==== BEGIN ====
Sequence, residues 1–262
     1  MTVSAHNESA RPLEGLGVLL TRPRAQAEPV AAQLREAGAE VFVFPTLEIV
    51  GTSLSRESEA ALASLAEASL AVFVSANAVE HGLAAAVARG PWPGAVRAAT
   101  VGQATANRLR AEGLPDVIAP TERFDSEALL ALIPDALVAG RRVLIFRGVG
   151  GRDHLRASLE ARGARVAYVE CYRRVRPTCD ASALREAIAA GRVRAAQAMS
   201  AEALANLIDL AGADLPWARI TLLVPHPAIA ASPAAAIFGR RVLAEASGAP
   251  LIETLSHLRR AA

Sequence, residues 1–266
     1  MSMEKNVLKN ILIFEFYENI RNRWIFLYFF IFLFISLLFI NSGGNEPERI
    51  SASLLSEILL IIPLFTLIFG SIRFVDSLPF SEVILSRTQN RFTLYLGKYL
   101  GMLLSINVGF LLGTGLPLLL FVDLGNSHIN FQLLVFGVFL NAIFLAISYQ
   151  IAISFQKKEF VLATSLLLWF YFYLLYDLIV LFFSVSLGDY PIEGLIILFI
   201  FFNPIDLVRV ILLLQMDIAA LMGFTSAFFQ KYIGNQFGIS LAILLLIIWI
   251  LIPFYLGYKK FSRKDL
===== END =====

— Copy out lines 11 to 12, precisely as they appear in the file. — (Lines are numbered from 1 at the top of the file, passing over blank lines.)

   101  GMLLSINVGF LLGTGLPLLL FVDLGNSHIN FQLLVFGVFL NAIFLAISYQ
   151  IAISFQKKEF VLATSLLLWF YFYLLYDLIV LFFSVSLGDY PIEGLIILFI